SMS Blücher[a] was the last armored cruiser built by the German Empire. She was designed to match what German intelligence incorrectly believed to be the specifications of the British Invincible-class battlecruisers. Blücher was larger than preceding armored cruisers and carried more heavy guns, but was unable to match the size and armament of the battlecruisers which replaced armored cruisers in the British Royal Navy and German Imperial Navy (Kaiserliche Marine). The ship was named after the Prussian Field Marshal Gebhard von Blücher, the commander of Prussian forces at the Battle of Waterloo in 1815.
Blücher was built at the Kaiserliche Werft shipyard in Kiel between 1907 and 1909, and commissioned on 1 October 1909. The ship served in the I Scouting Group for most of her career, including the early portion of World War I. She took part in the operation to bombard Yarmouth and the raid on Scarborough, Hartlepool and Whitby in 1914.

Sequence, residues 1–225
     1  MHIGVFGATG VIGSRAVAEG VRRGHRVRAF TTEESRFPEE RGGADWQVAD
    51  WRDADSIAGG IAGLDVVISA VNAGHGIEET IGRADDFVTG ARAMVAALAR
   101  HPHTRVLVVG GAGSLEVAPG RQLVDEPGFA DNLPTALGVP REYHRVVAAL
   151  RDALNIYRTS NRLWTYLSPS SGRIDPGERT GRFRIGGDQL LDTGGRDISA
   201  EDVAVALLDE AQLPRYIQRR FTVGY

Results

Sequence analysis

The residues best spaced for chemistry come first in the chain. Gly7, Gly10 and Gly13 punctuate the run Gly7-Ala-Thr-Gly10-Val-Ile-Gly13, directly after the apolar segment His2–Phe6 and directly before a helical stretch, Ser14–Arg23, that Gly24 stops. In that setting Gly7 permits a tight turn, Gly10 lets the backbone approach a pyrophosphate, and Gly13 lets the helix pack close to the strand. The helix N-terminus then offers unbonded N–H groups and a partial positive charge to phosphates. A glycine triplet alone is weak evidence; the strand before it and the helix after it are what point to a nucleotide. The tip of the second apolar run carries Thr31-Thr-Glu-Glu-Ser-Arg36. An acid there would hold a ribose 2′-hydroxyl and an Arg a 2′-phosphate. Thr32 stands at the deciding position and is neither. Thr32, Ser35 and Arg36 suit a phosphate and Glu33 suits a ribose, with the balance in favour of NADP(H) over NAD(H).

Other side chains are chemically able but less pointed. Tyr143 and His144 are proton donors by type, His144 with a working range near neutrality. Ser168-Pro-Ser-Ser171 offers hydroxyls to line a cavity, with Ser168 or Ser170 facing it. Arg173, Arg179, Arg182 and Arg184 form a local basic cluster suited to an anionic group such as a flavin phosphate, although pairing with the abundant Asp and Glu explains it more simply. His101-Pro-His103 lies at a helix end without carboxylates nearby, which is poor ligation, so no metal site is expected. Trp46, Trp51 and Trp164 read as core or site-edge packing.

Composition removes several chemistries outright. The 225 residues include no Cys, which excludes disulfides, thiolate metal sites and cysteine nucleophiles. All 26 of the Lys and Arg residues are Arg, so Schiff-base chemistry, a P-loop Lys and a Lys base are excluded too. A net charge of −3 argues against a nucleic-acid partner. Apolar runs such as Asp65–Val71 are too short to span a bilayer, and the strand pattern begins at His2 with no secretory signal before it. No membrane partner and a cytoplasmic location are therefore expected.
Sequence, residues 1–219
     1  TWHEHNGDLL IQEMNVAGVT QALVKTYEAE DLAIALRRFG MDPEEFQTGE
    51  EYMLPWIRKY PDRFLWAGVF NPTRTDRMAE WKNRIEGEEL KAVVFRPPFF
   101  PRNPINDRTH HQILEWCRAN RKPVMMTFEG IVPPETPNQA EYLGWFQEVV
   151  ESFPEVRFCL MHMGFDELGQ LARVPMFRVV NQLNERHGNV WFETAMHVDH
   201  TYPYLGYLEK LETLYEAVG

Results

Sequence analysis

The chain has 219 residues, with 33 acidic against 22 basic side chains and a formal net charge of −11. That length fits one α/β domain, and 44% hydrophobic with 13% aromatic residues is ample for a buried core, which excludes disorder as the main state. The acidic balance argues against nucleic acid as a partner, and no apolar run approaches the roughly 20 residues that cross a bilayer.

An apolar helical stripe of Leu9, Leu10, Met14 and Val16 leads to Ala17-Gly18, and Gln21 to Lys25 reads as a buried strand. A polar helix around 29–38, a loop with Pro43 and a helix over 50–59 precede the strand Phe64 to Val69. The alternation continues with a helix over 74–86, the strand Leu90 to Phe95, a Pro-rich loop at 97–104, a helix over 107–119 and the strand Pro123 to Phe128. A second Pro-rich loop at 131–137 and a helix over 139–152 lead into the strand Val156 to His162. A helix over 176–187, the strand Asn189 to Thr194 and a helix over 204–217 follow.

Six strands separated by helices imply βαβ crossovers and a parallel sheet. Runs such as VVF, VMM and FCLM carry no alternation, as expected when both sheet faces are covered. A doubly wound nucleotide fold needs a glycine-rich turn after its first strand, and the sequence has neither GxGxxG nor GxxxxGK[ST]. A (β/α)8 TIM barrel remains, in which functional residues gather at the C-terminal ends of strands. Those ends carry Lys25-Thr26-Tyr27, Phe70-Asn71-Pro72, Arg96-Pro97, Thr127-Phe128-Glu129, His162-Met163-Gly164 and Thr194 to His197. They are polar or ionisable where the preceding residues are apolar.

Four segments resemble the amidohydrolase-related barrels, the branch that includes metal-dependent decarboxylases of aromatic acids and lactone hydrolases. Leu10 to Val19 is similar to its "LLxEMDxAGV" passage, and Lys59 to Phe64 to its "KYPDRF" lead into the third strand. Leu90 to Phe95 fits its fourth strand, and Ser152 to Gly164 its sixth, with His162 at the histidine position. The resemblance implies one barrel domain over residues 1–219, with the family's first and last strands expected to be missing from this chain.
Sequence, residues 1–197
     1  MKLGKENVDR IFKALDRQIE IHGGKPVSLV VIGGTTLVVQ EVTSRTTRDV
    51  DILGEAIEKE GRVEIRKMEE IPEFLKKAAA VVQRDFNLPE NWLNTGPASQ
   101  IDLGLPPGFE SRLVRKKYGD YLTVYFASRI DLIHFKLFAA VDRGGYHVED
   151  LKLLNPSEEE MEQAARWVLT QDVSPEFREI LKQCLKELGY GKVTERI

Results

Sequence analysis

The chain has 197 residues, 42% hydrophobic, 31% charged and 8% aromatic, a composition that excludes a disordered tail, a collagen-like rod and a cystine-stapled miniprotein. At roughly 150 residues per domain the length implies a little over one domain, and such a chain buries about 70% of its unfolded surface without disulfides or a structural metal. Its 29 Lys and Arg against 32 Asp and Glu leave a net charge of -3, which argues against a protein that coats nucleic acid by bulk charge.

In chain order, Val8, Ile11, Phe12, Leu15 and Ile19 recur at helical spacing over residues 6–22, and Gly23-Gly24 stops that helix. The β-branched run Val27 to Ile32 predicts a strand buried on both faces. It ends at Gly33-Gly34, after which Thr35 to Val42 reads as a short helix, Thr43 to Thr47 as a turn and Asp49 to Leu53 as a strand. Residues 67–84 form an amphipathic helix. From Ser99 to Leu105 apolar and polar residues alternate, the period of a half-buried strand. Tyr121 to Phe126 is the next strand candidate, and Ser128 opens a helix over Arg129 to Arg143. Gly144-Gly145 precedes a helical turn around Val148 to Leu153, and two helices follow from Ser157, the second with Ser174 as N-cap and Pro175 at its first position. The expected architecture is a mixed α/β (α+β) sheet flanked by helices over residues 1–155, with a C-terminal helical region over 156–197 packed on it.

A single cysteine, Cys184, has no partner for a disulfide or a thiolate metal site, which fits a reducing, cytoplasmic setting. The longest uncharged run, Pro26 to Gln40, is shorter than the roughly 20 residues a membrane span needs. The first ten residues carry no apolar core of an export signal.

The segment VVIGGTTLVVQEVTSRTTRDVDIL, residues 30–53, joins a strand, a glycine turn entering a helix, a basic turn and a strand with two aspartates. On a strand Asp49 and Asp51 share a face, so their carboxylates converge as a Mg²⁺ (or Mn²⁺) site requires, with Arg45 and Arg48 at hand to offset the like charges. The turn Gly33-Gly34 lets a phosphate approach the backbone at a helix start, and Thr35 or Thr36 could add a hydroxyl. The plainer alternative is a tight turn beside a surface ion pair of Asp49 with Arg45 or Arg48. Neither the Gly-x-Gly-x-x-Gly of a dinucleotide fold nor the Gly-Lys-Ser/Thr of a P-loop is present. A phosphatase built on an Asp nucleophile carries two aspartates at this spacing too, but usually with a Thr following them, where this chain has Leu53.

At the Battle of Dogger Bank on 24 January 1915, Blücher was slowed significantly after being hit by gunfire from the British battlecruiser squadron under the command of Vice Admiral David Beatty. Rear Admiral Franz von Hipper, the commander of the German squadron, decided to abandon Blücher to the pursuing enemy ships in order to save his more valuable battlecruisers. Under heavy fire from the British ships, she was sunk, and British destroyers began recovering the survivors. However, the destroyers withdrew when a German zeppelin began bombing them, mistaking the sinking Blücher for a British battlecruiser. The number of casualties is unknown, with figures ranging from 747 to around 1,000. Blücher was the only warship lost during the battle.
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